Community‘s new VERIS (VERsatile Installation Systems) comprise a range of small-to-medium-sized loudspeakers for versatile array construction, while styled to meet modern architectural requirements. The line’s smooth, intelligible sonic output is the result of patent-pending carbon-ring cone technology, coupled with Ferrofluid cooled and damped MF/HF drivers. Available models start with the VERIS6, a single 6in. with an HF horn-driver combination in a compact enclosure. Next are a dual-6, a single-8, and a dual-8—all with HF horn-drivers. Each ships with a yoke-style mounting bracket and can be ordered with an optional low insertion-loss 200W internal autoformer for 70V applications. The larger 12in. and 15in. VERIS models offer 90ºx60º and 60ºx40º horns for the two-way systems, and 90ºx40º and 60ºx40º for the three-ways. Two low-profile subs (dual-10 and dual-12) are available as a wide range of optional off-the-shelf rigging systems and mounts for safe installation. All models are available in black or white at no additional charge, and come equipped with a generous number of rigging points. The full-range enclosures are additionally outfitted with OmniMount-compatible fasteners.

Dan Dugan Sound Design’s Model E makes Dugan Speech System automatic mixing available to a wider range of applications.

Dan Dugan Sound Design showed the Model E, a $2,995 model that makes Dugan Speech System automatic mixing available to a wider range of applications. It’s smaller than earlier Dugan products, fitting eight channels into a 1/2RU box. With provided hardware, two Model E units (together providing 16 channels) can be mounted side by side in one rack space.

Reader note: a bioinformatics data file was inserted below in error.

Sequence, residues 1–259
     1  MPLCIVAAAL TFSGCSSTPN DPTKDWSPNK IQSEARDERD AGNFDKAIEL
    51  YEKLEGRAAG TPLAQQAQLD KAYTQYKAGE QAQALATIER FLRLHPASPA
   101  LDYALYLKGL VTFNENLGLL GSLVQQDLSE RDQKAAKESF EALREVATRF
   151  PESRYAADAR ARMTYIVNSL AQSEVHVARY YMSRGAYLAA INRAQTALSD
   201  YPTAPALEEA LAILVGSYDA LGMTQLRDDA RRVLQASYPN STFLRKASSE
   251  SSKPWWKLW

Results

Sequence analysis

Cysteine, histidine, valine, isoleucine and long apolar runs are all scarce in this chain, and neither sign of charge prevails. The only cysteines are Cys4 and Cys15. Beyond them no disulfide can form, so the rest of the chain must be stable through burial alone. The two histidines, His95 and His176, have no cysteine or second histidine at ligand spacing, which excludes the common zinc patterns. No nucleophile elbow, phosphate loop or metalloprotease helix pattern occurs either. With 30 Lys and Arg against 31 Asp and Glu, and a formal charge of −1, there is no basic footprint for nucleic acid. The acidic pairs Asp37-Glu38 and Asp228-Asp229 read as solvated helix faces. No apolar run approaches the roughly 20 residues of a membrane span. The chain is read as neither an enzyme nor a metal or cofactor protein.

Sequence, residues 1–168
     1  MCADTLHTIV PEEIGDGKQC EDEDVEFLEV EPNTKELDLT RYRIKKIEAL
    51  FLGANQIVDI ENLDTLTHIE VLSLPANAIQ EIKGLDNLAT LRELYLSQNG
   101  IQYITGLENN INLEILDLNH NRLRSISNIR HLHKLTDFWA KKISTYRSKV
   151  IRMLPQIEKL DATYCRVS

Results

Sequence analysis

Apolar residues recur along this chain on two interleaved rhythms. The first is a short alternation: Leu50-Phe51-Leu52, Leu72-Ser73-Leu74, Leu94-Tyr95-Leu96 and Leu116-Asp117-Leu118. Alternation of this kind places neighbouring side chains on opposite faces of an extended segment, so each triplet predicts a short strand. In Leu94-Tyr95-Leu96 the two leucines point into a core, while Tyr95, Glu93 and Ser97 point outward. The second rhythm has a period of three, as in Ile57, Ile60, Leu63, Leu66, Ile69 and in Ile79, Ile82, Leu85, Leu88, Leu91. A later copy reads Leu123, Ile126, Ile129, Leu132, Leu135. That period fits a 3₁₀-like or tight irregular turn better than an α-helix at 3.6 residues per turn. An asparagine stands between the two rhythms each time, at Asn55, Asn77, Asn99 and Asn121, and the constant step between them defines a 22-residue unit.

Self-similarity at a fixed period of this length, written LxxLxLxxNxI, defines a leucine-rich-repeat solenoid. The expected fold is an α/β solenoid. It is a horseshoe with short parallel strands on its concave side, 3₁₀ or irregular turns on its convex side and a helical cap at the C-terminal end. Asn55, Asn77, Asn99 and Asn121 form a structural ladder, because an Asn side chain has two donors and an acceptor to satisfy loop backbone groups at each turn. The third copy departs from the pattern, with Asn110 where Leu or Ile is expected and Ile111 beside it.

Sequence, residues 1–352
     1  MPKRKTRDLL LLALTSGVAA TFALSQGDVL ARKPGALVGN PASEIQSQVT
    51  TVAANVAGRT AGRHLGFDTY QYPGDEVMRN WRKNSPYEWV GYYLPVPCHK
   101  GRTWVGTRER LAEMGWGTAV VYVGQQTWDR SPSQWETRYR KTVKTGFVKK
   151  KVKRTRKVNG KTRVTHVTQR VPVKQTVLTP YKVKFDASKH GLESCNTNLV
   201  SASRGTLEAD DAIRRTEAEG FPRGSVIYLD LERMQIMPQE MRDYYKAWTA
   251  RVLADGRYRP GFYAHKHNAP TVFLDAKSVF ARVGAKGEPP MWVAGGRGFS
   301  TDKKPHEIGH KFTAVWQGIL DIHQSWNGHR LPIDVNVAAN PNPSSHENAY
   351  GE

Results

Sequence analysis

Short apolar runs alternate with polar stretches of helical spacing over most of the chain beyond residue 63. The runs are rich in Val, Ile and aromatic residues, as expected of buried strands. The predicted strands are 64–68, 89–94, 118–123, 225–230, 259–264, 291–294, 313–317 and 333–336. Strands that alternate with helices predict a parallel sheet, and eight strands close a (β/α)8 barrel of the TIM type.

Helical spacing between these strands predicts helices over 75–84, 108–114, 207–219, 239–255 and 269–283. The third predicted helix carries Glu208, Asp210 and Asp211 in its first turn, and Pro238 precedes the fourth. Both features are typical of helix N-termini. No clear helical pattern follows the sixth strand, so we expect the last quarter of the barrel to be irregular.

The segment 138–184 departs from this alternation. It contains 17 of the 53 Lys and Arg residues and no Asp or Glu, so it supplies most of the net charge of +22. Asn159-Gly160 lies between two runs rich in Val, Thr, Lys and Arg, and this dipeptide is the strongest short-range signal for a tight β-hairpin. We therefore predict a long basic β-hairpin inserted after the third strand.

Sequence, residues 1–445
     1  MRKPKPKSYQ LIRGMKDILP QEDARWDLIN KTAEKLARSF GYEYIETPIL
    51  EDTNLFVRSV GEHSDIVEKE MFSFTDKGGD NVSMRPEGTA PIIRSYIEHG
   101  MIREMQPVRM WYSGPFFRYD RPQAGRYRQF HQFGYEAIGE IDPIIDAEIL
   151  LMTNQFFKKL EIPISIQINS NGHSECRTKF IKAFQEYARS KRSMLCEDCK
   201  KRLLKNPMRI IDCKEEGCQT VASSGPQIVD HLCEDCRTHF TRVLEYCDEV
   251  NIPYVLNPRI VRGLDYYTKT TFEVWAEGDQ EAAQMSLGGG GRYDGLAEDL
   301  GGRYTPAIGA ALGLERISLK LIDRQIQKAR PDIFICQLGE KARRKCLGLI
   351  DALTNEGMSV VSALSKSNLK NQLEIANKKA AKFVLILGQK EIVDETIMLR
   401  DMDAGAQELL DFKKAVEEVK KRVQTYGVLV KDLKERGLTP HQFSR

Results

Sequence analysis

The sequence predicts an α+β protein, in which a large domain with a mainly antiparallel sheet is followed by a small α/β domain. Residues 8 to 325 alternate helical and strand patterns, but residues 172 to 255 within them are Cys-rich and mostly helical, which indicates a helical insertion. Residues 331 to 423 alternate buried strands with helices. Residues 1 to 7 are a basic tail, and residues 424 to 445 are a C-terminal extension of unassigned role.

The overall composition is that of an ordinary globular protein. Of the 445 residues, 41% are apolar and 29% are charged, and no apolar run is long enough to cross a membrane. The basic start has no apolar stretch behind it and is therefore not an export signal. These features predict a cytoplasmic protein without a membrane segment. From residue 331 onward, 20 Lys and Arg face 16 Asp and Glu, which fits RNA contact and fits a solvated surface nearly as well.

DiGiCo unveiled its version 4 software/hardware upgrade for its D5 Live consoles. New features from the update (also available as a software tweak for its DS-00 and D4 boards) include extra configuration flexibility, expanded busing/routing options, enhanced onboard effects and graphic equalizers, new snapshot features, and more. The software will be available in early 2007.

Intended for small-to-medium installs such as houses of worship and clubs, Digidesign‘s D-Show Profile is a size-conscious alternative to the popular D-Show flagship console/controller of the Venue line. D-Show Profile is compatible with all existing Venue hardware and software, including existing stage and FOH racks for connecting to Pro Tools HD and Pro Tools LE systems via a hardware option.

Dolby was demoing its version 4.1 software for its Dolby Lake controller, which made its AES debut at the show. Among other minor tweaks, the version 4.1 software update adds a LimiterMax loudspeaker limiting to eliminate clipping for assured speaker protection.

Eastern Acoustic Works‘ UX8800 rackmount digital processor brings EAW’s Gunness Focusing to a broad range of existing EAW loudspeaker systems. This unique DSP technology corrects the sonic problems inherent in conventional compression driver phase plugs, horns, and LF driver technology. As a result, Gunness Focusing allows horn-loaded loudspeakers to deliver sonic performance comparable to premium direct-radiating studio monitors, but at the much higher output levels required in sound reinforcement applications.

Future Sonics announced the release of its MG4plus, its new, next-generation of professional drivers for the company’s line of Ear Monitors personal monitors. The MG4plus delivers deep, accurate bass response, clean transparent highs and natural, warm vocal tones. Ear Monitors brand custom-fit personal monitors start at $798 and can be customized as appropriate to the specific aesthetic, technical, and personal needs of the client. Upgrades to MG4plus are available for Ear Monitors delivered within the last 24 months for $150/pair.